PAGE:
Parliament committee reports apprentices are being let down

Apprentices are being let down by their quality of training, says a report published yesterday by Parliament’s education committee which also claims that too many people, particularly the disadvantaged, are not being supported to pursue an apprenticeship.

With the government apprenticeship levy on UK employers introduced last April and the number of approved apprenticeship providers tripling in recent years, the report calls for a cap on the amount of training that new providers can offer as well as clearer oversight and assessment of current apprenticeship training. The report says it is vital for the government to introduce a kitemark system for good apprentice employers to encourage best practice and to help those interested in an apprenticeship work out which is the best employer for them. It calls for stronger sanctions for employers who do not pay the apprentice minimum wage.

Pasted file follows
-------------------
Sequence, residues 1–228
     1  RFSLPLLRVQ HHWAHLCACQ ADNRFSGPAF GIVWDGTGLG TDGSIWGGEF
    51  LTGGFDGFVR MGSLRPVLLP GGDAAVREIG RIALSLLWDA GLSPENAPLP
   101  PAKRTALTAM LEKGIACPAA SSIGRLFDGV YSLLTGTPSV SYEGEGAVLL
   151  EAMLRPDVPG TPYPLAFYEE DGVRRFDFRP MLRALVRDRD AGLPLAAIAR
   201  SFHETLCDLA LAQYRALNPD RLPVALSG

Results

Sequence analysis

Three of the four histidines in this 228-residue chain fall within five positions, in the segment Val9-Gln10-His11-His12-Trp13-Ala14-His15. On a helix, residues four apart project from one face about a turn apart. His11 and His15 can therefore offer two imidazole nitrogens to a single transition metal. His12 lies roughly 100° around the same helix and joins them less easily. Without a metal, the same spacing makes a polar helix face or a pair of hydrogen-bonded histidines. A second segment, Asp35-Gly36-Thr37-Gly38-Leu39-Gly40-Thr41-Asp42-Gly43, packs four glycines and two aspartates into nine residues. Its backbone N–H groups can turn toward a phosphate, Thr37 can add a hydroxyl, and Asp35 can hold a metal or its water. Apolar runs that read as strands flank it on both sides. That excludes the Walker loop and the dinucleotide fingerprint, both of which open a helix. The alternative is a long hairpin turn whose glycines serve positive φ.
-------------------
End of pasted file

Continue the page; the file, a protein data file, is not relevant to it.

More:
Chair of the education committee, Rt Hon Robert Halfon MP, commented: “There has been an explosion in the number of training providers in recent years but neither employers nor apprentices can have genuine confidence that quality training is being provided by these new entrants. It’s time for a cap on the amount of training which new providers can offer until they prove they are up to scratch.”

The report also looks into promoting social justice and asks for more employers to recruit apprentices from disadvantaged backgrounds.

With many law firms launching their apprenticeship schemes in the wake of last year’s levy, it remains to be seen how this report will affect their decisions on hiring apprentices in the future.

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